Prior to this Madrid was a reasonable large, by medieval standards a fortified town with the original Moorish ‘Alcazar’ re built by Carlos V, father of Filipe II. Whilst it lacked the historical splendour and magnificence of the medieval cities of Seville, Toledo, Segovia and others, its advantage then and for the future lay in being at the crossroads and geographical centre of Spain.
Filipe II was known in Spain as ‘Felipe el Prudente’, his empire included territories on every continent then known to Europeans, including his namesake: the Philippine Islands. During his reign Spain reached the height of its influence and power. This is sometimes called the Golden Age.
Felipe II was a devout Catholic and desired to build a Monastery combining Royal palace, his court, place of learning, basilica, pantheon, library, museum, university, hospital and necropolis for his Royal parents, himself and descendants.
His choice of location was a small village called El Escorial situated at the foot of Mt. Abantos in the Sierra de Guadarrama. This austere location, hardly an obvious choice for the site of a Royal palace, was chosen for its climate and its position only some 45 km to the North West of Madrid.
Construction started in 1563 and was completed in 1584. Visitors to El Escorial can take a short drive to the south where there is a rocky outcrop with a ‘seat’ carved out and where Filipe II used to sit and watch the Monastery being built known as ‘Silla de Felipe II’.
The development of Madrid as a city began when Felipe II moved his court there from Toledo in the 1560s. Madrid became the country’s capital in 1562 and apart from a brief period, when Felipe III moved his court to Valladolid, has been capital of Spain continuously since 1606.
The documented history of Madrid dates to the 9th century, even though the area has been inhabited since the Stone Age. The Roman Empire had established a settlement on the banks of the Manzanares river and was an important and strategic staging post between the Roman towns of Segovia and Toledo. The remains of a Roman road and bridges can be seen to this day when hiking over the Sierras from the village of Cercedilla.
The Moorish occupation of Spain lasted from AD 711 – 1492 and in the mid-9th century, Muhammad I of Córdoba constructed a small castle where the Palacio Real stands today. They named the area after the nearby Manzanares river, which the Muslims called al-Majrīṭ, meaning source of water and from this came the name Magerit, later spelled Madrid.
The re-conquest of Spain by the Christian Kings was spread over several centuries and it was one King Alfonso VI, King of Leon and Castile that laid siege to Magerit in AD 1083. The story goes that a small boy offered to climb the citadel’s walls, lower a rope and enable King Alfonso’s troops take the Moors in the rear and open the Citadel’s gates. The King observed that the boy climbed the walls like a cat and to this day Madrileños born in the city are known as ‘Gatos’.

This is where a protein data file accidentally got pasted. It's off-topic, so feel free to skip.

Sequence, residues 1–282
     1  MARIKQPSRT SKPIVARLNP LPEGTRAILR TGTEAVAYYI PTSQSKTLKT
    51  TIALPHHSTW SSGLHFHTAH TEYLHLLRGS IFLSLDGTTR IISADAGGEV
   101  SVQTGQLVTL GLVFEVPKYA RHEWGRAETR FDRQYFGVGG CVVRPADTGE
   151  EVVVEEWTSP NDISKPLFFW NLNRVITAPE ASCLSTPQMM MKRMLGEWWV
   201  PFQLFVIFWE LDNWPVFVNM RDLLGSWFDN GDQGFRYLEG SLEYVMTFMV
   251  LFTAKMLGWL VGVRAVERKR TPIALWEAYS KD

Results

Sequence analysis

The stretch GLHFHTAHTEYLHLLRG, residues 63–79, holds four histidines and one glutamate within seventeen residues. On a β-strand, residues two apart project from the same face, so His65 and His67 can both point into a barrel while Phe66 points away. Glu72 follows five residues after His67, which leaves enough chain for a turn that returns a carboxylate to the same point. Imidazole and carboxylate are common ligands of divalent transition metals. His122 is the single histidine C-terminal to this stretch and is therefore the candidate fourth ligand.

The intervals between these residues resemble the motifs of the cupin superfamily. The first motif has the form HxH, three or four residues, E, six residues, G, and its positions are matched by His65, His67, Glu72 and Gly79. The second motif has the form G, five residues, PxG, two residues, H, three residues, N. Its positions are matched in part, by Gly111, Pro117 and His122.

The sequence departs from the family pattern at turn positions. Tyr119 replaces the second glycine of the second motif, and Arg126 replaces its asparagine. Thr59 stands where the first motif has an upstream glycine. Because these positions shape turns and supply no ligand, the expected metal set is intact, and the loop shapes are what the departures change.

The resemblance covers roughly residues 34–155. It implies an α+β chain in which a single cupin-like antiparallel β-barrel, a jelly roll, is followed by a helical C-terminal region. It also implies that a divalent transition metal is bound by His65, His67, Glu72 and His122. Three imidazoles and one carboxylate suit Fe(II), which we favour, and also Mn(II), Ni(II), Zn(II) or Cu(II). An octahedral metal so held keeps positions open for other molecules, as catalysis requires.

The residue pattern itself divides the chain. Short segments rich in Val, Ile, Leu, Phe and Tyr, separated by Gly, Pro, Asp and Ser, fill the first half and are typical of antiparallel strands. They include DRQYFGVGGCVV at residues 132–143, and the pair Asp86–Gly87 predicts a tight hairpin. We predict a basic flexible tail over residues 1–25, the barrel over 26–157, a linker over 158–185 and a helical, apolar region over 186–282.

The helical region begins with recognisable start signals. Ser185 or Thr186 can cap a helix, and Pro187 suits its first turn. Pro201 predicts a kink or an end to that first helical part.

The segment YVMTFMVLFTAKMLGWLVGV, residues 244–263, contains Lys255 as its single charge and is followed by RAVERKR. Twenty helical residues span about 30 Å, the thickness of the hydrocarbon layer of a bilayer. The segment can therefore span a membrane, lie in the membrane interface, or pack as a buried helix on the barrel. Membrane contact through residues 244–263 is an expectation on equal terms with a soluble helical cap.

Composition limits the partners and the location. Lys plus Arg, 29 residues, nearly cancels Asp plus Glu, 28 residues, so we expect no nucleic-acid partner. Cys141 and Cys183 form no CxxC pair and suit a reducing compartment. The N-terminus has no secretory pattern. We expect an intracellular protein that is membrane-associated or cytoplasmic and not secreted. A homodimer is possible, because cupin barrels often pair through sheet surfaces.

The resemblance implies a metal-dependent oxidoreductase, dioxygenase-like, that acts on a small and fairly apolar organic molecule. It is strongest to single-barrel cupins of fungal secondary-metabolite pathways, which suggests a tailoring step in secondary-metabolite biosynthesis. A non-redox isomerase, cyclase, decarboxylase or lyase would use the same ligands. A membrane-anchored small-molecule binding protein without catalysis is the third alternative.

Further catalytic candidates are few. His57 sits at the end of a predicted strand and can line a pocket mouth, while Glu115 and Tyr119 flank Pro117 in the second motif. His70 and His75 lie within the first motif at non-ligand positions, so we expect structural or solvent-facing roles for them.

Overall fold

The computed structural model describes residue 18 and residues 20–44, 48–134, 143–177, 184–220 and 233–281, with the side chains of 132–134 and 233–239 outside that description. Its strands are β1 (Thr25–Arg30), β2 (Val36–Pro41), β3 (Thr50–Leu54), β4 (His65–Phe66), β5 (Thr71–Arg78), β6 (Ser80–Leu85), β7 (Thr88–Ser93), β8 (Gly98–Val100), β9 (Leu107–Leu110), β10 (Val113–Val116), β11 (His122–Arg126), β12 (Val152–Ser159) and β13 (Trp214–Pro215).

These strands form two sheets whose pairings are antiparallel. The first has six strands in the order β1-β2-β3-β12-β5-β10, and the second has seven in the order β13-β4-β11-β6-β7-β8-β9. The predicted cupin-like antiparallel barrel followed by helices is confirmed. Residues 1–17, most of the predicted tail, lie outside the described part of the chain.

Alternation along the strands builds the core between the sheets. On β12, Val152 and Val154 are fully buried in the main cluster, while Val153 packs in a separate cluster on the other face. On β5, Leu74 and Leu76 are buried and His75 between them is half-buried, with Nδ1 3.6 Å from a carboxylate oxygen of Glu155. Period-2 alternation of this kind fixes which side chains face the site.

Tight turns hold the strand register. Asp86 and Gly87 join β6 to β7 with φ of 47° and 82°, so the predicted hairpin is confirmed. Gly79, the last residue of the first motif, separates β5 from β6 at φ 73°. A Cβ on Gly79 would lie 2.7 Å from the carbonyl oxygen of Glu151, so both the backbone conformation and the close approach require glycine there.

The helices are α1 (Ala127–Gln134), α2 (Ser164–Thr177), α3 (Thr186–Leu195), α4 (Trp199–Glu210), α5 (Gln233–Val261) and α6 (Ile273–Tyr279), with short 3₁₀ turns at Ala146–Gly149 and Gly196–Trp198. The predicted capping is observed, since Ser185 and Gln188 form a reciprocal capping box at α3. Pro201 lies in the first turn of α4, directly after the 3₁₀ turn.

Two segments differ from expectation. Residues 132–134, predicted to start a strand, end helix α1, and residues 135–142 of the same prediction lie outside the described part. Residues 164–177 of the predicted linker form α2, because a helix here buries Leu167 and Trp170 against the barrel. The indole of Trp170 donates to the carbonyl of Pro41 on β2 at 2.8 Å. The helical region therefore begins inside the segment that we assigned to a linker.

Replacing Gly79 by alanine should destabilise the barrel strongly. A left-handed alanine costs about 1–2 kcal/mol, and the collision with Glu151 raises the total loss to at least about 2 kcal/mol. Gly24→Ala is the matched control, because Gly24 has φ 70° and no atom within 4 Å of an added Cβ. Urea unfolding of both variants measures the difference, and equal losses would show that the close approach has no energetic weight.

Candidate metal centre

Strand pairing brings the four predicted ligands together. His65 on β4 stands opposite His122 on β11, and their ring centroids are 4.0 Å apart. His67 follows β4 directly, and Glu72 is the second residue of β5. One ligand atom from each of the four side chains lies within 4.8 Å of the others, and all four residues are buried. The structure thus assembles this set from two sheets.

Because of the many bears that were to be found in the nearby forests, which, together with the strawberry tree, the Spanish madroño, have been the emblem of the city from the Middle Ages.
During the 17th century Madrid grew rapidly. The royal court attracted many of Spain’s leading artists and writers, including Cervantes, Lope de Vega, and Velázquez. Under the reign of Philip III the Plaza Mayor was built in 1619 and the crossroads of the Puerta del Sol formed the heart of Madrid. To this day all roads in Spain are measured from a plaque in the Puerta del Sol, Kilometre Zero.
In 1739 Felipe V began constructing new palaces, including the Palacio Real de Madrid. It was under Carlos III, 1716–1788, that Madrid became a truly modern city, the King cleaned up the city and its government and became one of the most popular Kings to rule Spain. Besides completing the Palacio Real, Carlos III is responsible for many of Madrid’s finest buildings and monuments, including the Prado Museum and the Puerta de Alcalá. Various other Puertos (Gates) Toledo, Alcala and others were built guarding the entrance to the city.
On October 27th 1807, Carlos IV of Spain and Napoleon signed the Treaty of Fontainebleau, which allowed French troops passage through Spanish territory to join Spanish troops and invade Portugal. In May 1808 Napoleon’s troops entered the city of Madrid and on the 2nd of May Madrileños revolted against the French forces. Francisco Goya’s famous painting of the massacre on the ‘Dos do Mayo’ is on display at the Prado Art Museum.
Throughout the 19th and early 20th century the Spanish Empire declined and almost disappeared although Madrid continued to grow in importance and status.
During the period of the Spanish civil war, 1936 – 1939, Madrid was held by forces loyal to the Spanish Republic. It was besieged by Spanish Nationalist and allied troops under Francisco Franco and eventually fell to the nationalists on 28 March 1939.
During the dictatorship of Francisco Franco, especially after the sixties, the south of Madrid became very industrialised and experienced massive migrations from rural environments into the city. Madrid’s south-eastern periphery became an extensive slum settlement, which was the base for an active cultural and political life.
Following the death of Franco, and in order to secure stability and democracy, the emerging democratic parties accepted Franco’s wish to be succeeded by Juan Carlos I, leading to Spain’s current position as a constitutional monarchy.
Benefiting from prosperity in the 1980s and through to the present day, Spain’s capital city has consolidated its position as the leading economic, cultural, industrial, educational and technological center of the Iberian Peninsula.
By Barry Haslam-Walker FRICS